The Perseverance Mars Rover has collected another soil sample from Mars. This time the sample has been photographed with a unique geological feature.
“My latest sample is from a rock loaded with the greenish mineral olivine,” the rover’s official Twitter account wrote in an update today, “and there are several ideas among my science team about how it got there.”
“Hypotheses are flying!” the car-sized rover added on its Twitter before concluding that “Science rules.”
The mineral seen in the photograph is generally found in solidified pieces of lava or magna on Earth, known as igneous rock.
Correlation between the olivine and carbonates is being studied by scientists at NASA. These are unique minerals that are found when carbon dioxide interacts with liquid water.
Perseverance rover landed on Mars in February 2021 in the Jezero crater. It is a dried-up ancient lake that gives away significant indicators of life on the red planet. In addition, it features a wealth of carbonate deposits.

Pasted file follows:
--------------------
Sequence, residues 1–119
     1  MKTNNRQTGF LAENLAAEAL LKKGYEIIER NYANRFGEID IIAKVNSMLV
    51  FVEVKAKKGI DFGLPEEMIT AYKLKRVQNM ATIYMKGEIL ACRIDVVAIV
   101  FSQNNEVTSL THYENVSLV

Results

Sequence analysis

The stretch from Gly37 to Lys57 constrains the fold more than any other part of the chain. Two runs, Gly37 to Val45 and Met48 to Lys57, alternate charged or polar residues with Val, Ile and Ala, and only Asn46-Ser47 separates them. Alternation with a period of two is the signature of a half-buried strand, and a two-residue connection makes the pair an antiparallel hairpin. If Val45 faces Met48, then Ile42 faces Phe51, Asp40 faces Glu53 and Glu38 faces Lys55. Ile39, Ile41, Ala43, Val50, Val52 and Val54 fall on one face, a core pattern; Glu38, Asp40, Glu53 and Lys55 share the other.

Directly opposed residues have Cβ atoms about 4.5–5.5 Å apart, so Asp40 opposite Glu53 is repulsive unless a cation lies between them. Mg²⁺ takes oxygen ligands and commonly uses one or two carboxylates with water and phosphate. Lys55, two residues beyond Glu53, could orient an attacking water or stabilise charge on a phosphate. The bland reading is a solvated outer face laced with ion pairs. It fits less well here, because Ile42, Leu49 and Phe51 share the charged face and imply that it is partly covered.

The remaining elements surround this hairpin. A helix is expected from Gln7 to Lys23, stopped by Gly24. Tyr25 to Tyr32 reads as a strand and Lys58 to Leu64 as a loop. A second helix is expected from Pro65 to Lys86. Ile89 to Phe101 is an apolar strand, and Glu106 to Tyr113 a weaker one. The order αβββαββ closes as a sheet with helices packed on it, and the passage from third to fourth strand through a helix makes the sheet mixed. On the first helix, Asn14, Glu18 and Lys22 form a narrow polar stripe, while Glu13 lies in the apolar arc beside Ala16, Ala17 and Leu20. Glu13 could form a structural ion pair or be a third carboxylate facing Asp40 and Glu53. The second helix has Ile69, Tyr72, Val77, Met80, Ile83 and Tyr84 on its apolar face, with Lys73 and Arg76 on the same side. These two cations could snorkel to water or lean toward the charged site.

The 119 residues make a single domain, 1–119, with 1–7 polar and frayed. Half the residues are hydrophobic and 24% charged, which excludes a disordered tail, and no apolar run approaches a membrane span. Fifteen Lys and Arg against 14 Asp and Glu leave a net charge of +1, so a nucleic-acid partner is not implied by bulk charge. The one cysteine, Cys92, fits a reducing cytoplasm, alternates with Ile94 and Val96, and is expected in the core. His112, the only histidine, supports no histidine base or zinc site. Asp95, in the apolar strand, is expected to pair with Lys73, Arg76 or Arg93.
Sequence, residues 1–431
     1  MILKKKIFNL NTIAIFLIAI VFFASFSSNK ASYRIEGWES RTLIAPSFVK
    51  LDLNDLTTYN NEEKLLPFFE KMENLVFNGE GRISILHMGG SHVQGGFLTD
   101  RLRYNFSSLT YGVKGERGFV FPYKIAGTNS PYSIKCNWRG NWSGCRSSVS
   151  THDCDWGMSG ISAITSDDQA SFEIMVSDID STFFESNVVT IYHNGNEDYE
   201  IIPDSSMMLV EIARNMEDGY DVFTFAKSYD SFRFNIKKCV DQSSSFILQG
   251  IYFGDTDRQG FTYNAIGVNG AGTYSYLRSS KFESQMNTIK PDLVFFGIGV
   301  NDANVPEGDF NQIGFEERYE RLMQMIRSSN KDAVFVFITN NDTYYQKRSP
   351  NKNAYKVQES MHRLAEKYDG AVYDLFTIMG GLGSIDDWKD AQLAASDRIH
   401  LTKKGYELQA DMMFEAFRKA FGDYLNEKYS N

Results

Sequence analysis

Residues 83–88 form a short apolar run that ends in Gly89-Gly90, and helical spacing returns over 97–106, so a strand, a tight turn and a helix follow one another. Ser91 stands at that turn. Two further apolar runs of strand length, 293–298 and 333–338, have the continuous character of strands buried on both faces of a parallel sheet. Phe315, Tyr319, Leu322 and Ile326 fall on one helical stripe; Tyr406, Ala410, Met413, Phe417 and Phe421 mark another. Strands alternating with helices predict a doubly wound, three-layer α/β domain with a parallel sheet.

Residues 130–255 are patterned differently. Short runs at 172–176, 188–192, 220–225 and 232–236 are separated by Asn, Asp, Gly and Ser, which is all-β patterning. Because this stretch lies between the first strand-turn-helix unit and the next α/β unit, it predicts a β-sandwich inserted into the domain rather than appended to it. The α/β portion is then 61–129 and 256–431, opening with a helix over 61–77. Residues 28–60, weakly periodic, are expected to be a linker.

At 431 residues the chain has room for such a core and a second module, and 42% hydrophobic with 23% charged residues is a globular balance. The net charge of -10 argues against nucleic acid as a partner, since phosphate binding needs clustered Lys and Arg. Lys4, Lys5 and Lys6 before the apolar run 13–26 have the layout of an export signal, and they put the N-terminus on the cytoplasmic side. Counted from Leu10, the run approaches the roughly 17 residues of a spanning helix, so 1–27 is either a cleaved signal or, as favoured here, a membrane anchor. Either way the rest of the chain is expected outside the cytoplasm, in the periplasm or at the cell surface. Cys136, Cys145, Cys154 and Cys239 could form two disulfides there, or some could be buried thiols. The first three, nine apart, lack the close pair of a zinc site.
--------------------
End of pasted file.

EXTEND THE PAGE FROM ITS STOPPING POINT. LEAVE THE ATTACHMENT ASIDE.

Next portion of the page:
Perseverance’s landing site was full of olivine deposits, and this fact has had scientists at NASA scratching their heads because nobody can tell how it reached here. One suggestion is that it might result from an explosive ash deposit — or verifies that the Jezero crater is indeed a dried-up lake basin.
The Perseverance had trouble collecting its first sample. Now, it has collected two samples and is letting us into the past of the red planet. The rover is our first infiltrator, which will tell us massive loads about Mars’ eventful history.